The Impact of Gambling on Finland’s Economy

The gambling industry worldwide is a big earner for domestic economies and helps raise billions of euros in tax revenue. The global market was valued at EUR 56.95 billion in 2020. Finland’s share of that figure equates to EUR 1.69 billion with each Finnish adult spending on average EUR 430 per annum—placing them in the top ten list of nations that love to gamble.

Gambling in Finland is state supervised and monopolised by the government owned non-profit operator Vekkaus Oy. Until recently two other entities existed as gaming agencies:

RAY (Raha-automaattiyhdistys)

RAY was the Slot Machine Association of Finland, which held a monopoly on land-based and online casino gaming including live casino. Their authority consisted of slot machines and all table and card games both online and at Finland’s only official mainland casino, Casino Helsinki. 

RAY merged with Veikkaus Oy on January 1 2017. There are a number of Feel Vegas adult gaming clubs, featuring slots and table games, across Finland which are also operated by Veikkaus Oy.

Fintoto Oy

Fintoto’s responsibilities included:

  • Providing all pari mutuel horse betting across the country.
  • The development of all national racetracks.
  • Television productions for horse games and events.

The company was founded in 2001 and ceased functioning during the same merger with RAY and Veikkaus Oy.

Veikkaus Oy

Vekkaus is now the sole body responsible for all gambling based activities in Finland. The company also manages all instant win games, sports betting and the Finnish National Lottery. The lottery was initially legalised, back in the 1920s, to discourage Finns from partaking in neighbouring Sweden’s lottery.

The Lottery Administration (Arpajaishallinto), a division of the Ministry of the Interior and the Gambling Department of the National Police Board, is responsible for supervising lottery, fundraising and gambling activities since the Veikkaus merger in 2017.

All profit raised by Veikkaus is used to fund domestic charity such as pensioner care and gambling addiction treatment as is directed by the law.

The distribution allocations are as follows: 

  • 53% of profits goes to the Ministry of Education and Culture. The funds are used to improve sports and physical education, science, arts and youth work
  • 43% goes to the Ministry of Social Affairs and Health which will fund social welfare and health projects.
  • The remaining 4% goes to the Ministry of Agriculture and Forestry for improving horse racing facilities.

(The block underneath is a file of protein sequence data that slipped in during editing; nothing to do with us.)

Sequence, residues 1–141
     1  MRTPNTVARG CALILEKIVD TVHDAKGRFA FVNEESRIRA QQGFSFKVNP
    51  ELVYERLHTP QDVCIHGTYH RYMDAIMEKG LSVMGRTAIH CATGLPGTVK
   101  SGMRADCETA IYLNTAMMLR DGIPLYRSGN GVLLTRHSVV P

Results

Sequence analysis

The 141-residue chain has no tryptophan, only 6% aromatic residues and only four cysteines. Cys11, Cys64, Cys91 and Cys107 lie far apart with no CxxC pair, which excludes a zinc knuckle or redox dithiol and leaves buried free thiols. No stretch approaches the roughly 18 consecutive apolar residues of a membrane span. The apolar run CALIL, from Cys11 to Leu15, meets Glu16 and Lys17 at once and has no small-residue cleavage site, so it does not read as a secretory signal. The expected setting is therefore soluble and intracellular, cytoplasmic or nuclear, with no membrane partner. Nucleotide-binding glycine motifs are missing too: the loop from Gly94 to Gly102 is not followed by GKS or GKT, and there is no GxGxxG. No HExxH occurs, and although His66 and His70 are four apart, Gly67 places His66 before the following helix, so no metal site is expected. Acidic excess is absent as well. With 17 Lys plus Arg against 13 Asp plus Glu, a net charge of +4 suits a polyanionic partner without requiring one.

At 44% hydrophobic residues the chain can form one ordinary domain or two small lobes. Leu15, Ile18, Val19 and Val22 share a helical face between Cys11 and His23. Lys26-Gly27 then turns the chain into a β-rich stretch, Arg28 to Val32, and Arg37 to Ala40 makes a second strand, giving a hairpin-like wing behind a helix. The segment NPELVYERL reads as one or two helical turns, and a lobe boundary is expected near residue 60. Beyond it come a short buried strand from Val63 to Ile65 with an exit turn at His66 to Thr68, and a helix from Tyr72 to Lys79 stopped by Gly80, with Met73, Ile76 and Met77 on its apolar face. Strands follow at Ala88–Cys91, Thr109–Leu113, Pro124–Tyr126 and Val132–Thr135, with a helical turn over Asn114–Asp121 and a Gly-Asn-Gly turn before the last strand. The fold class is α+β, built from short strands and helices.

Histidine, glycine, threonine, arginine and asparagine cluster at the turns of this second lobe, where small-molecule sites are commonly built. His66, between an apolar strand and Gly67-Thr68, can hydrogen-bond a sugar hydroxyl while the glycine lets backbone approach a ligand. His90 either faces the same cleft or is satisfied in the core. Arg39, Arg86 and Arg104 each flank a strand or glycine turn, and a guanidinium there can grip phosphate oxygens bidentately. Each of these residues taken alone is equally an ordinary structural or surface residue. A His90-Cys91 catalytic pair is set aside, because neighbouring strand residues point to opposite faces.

Finland has a long and close relationship with gambling. The charitable aspect to Veikkaus profits means some view the pastime as a sort of civic duty—any money lost will go toward good causes.

An expansion of services in the gaming sector could increase revenue available for these services. Due to its member status, there has been significant pressure from the EU to end Finland’s gambling monopoly and to open up state controlled markets to competitors.

The Finnish gambling industry has grown year on year at an approximate rate of 10% since 2016.

Gambling is regulated by the Finnish Lotteries Act 2001 but is currently under imminent review. The proposed reforms, due to come into force incrementally from 2022, consist of identification requirements for all forms of gambling as well as the ability for Veikkaus to supply products and services to other businesses for the first time.

Encouragingly, there is a heavy focus among Finland’s lawmakers to promote responsible gambling and healthy gaming habits.

Tightening constraints on the consumer are likely to have a negative effect on potential income for Finland’s economy in the areas previously mentioned. Presently, there is no specific law that stops citizens from accessing and using foreign online casino services—the proposed amendments could make it harder for citizens to reach these providers.

When Finnish residents choose to use the service of foreign casinos, the state is unable to collect tax on the money spent. This is because with current laws, foreign casinos lie outside of national legislation—opening up to licensing these providers would in turn generate more revenue for the economy.

With a low population density and access to casinos limited to its citizens, online casinos are a great alternative—especially for those that live in remote parts of the country. Live casino in particular, brings an authentic casino experience to anyone, as long as they have a stable internet connection.

The majority of Finns are in favour of abolishing the state led monopoly system, a survey conducted by Bilend in 2019 found. Participants in the survey were in support of a license based system that is popular in other Nordic and EU countries.

There is significant division within the population though with 31% in favour of a new system and 27% not in favour. The remaining responders either had no opinion or a neutral stance on the subject.

The gaming industry employs 5,000 Finns nationwide and with expansion could provide income for a portion of the 28.4% that are currently unemployed. 

The numbers show how popular gaming, especially in the digital domain, is among the Finnish people and in time, the governing bodies are sure to capitalise on this fact fully. A licensing system would result in increased tax revenues and also more protection for citizens that use foreign services.